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Distressed projects – what choices are available to lenders?

Distressed projects – what choices are available to lenders?
The significant fall in oil prices, coupled with cost reductions now being made by the oil majors to their E&P budgets, has created a gloomy outlook for the offshore oil service industry. Consequently, financial institutions and other debt investors who have funded offshore projects and assets may have to consider the options available to best protect their investment.

Cause of distress

In deteriorating market conditions, events of default will typically arise in offshore projects when the borrower is unable to comply with the financial covenants given to the lenders; in particular, the requirement that the market value of the financed asset is in excess of the outstanding loan amount. Given the steep decline in values of offshore assets it may be difficult to source collateral to make up any shortfall.

As offshore asset values fall, lenders often have to choose between supporting the distressed project by granting waivers and amendments to the loan agreement, or enforcing security immediately a default materialises.

Restructuring the business as a going concern

If the unit is engaged in a long-term employment contract and the financing is, or can be, secured by the cash flow from a reputable third party in addition to the asset value, it is likely to be in the lenders’ best interests to consider a restructuring plan in order to either maintain or utilise this cash flow.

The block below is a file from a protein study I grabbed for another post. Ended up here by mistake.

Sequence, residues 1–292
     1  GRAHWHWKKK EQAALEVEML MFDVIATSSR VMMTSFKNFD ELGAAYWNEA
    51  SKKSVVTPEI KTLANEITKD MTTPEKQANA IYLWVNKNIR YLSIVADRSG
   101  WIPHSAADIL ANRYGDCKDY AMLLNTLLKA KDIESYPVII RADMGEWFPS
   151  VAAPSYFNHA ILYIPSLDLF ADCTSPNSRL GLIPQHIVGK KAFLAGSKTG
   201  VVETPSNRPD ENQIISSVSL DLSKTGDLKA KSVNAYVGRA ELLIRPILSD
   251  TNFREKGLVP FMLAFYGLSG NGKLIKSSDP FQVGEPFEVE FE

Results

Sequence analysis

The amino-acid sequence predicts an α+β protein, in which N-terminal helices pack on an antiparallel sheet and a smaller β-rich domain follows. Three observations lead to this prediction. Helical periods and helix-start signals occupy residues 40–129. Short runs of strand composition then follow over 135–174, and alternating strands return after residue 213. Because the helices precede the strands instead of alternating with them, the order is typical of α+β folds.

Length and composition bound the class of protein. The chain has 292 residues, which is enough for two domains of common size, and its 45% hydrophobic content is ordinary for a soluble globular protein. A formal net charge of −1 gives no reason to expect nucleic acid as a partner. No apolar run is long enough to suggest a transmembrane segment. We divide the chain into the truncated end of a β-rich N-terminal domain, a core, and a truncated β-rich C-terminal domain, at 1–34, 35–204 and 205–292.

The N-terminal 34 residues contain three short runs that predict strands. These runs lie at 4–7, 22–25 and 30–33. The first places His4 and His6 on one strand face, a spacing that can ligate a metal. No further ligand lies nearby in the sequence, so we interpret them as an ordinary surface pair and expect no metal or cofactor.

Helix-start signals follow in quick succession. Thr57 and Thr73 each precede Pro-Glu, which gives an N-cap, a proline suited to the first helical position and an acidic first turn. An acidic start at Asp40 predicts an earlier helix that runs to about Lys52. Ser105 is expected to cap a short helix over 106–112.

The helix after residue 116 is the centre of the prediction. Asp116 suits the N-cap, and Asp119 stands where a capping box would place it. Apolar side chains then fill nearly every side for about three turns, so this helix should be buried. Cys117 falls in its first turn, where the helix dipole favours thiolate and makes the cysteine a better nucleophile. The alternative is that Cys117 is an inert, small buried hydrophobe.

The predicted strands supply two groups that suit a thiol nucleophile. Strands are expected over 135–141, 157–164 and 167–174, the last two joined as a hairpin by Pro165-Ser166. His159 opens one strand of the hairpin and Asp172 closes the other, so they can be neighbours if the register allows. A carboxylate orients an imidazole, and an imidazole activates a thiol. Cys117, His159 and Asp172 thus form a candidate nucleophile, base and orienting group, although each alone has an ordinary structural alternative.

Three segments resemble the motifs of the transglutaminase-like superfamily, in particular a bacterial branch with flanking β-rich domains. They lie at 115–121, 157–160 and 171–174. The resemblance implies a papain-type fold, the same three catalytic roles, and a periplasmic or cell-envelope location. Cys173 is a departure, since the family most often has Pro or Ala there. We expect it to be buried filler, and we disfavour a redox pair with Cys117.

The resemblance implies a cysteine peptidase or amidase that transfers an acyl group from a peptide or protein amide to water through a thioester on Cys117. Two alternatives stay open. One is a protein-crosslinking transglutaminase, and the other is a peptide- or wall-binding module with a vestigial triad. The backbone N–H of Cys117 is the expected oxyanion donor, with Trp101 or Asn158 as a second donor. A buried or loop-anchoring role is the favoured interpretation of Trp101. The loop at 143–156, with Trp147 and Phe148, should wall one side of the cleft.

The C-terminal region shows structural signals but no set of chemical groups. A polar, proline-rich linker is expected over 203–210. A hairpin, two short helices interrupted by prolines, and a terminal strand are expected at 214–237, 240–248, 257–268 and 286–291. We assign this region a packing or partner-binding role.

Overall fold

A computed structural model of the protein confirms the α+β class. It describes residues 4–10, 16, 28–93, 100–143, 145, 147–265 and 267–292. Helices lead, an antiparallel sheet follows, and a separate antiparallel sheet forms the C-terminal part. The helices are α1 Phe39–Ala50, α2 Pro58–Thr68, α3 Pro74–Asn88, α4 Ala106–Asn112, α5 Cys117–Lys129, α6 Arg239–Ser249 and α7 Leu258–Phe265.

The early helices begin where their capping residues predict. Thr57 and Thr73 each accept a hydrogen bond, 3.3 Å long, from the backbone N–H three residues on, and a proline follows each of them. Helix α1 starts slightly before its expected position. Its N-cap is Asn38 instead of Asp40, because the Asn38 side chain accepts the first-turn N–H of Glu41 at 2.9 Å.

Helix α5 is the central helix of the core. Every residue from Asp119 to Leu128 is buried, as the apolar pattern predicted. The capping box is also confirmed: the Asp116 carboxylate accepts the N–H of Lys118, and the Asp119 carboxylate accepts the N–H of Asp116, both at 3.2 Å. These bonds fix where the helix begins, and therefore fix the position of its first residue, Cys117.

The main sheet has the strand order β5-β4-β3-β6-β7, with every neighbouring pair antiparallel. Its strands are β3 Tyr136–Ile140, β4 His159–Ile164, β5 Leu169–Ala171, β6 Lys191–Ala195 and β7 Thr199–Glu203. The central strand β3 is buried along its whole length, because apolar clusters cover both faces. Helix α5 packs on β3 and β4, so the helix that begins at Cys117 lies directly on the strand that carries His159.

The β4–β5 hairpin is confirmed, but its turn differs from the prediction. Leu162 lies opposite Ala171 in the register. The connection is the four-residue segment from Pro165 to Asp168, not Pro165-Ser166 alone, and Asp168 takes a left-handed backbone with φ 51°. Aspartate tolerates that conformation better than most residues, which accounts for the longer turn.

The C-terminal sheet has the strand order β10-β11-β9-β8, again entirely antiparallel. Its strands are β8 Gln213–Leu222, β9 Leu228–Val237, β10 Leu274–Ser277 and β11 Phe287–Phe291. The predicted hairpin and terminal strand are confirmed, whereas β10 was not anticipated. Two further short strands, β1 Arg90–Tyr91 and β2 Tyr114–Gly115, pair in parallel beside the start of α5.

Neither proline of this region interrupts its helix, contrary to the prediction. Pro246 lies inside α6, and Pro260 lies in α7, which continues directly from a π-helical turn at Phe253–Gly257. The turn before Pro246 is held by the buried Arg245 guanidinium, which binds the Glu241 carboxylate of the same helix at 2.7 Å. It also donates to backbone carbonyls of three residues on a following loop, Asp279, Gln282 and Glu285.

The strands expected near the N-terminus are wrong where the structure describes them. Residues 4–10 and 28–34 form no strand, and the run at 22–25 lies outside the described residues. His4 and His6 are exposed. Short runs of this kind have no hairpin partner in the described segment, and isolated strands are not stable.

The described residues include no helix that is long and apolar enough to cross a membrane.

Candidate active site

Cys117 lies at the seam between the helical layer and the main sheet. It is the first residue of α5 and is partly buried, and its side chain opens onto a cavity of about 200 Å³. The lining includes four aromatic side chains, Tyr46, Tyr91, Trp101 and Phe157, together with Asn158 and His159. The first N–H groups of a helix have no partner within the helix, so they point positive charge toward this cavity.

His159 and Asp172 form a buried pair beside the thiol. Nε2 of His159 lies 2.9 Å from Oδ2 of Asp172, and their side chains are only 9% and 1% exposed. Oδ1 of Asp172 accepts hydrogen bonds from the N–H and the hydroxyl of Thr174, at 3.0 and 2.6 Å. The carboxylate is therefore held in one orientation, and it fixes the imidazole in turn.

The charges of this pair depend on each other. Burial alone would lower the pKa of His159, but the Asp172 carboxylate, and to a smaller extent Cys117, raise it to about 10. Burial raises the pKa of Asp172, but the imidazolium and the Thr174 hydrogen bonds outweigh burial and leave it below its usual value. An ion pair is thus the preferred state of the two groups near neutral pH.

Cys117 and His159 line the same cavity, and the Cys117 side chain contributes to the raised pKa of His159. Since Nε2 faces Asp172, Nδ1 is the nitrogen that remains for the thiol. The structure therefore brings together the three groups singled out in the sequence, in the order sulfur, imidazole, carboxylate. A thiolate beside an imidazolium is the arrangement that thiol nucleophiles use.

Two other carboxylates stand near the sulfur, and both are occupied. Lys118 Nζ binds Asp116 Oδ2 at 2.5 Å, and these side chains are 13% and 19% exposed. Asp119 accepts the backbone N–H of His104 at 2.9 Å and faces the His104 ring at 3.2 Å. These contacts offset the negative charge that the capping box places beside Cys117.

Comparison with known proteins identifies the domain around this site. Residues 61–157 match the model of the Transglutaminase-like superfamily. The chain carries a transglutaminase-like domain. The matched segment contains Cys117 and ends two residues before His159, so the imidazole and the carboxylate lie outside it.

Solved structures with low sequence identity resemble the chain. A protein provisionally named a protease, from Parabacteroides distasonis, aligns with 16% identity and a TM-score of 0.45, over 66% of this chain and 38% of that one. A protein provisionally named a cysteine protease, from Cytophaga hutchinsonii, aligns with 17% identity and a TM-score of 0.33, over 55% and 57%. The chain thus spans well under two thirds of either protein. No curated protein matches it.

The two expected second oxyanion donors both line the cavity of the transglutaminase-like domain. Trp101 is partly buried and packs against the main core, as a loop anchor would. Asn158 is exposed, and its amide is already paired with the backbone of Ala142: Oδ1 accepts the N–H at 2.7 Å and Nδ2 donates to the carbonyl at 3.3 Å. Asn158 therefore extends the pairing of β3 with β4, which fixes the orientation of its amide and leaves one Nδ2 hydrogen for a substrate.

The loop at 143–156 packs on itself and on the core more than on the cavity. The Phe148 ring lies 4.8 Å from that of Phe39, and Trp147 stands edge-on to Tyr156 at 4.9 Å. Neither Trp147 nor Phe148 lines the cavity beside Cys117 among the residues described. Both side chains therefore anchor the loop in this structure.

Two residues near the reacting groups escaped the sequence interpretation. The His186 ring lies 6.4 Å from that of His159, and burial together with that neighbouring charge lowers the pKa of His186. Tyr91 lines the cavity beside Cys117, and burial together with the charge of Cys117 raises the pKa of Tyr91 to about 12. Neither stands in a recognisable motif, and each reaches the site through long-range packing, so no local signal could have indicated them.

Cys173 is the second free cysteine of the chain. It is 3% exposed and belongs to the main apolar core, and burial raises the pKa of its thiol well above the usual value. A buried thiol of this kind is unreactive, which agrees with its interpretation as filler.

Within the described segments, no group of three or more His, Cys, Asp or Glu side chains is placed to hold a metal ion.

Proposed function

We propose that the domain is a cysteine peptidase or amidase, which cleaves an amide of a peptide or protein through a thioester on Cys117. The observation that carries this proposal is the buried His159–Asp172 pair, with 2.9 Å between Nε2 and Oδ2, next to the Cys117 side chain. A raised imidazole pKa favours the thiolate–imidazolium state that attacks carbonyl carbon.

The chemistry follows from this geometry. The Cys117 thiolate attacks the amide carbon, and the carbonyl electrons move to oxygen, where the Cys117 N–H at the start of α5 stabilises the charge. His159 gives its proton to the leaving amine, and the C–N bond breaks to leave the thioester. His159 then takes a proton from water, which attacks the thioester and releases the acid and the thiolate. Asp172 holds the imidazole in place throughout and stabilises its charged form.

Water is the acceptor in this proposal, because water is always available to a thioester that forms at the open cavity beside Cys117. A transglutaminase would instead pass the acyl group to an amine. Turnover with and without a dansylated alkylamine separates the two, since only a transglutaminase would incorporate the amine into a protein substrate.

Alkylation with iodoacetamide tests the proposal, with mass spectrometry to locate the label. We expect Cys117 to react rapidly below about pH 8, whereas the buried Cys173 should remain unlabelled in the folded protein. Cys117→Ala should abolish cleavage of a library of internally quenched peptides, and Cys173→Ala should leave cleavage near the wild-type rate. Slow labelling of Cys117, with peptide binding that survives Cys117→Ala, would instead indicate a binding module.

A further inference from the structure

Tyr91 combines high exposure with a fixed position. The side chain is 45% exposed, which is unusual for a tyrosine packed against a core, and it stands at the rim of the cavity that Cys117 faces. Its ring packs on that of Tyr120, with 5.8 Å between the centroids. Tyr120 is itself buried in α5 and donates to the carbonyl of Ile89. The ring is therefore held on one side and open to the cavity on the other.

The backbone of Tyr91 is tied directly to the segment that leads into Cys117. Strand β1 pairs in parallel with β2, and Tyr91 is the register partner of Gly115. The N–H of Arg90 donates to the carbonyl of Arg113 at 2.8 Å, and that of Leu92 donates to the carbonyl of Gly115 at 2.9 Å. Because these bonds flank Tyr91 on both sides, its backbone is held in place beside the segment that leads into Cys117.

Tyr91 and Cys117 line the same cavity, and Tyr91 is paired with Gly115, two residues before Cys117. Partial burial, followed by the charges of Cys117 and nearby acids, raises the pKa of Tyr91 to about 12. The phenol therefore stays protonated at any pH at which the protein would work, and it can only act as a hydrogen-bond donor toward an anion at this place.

Where this choice is considered, the main objective will be to ensure that the performance of the offshore unit under the contract remains acceptable for the third party charterer. This may be a challenge where, due to the fall in oil prices, the contract is an expensive one for charterers to maintain. Lenders may therefore need to consider becoming more directly involved in the day-to-day operations of the company, either by requiring regular information to be provided and/or by seeking to negotiate rights to exercise direct influence over the operation of the unit.

If the offshore unit is unemployed or is operating in a market dominated by short-term contracts, the asset value will typically be the main security underpinning the financing. Where a default occurs, a lender may be tempted to try and dispose of the asset as quickly as possible. Often, however, the proceeds from distress sales are reduced because such sales take place in circumstances where the market knows of a default.

It may therefore be in lenders' interests to allow the borrower to continue operating the unit as a going concern. In such cases, lenders will need to determine whether there is a realistic prospect of asset values improving over time. They will also need to assess the ability of the current management of the company to effectively operate and market the unit. Again, lenders may wish to exercise a degree of direct control over the borrower by replacing or supporting the current management team with their own representatives.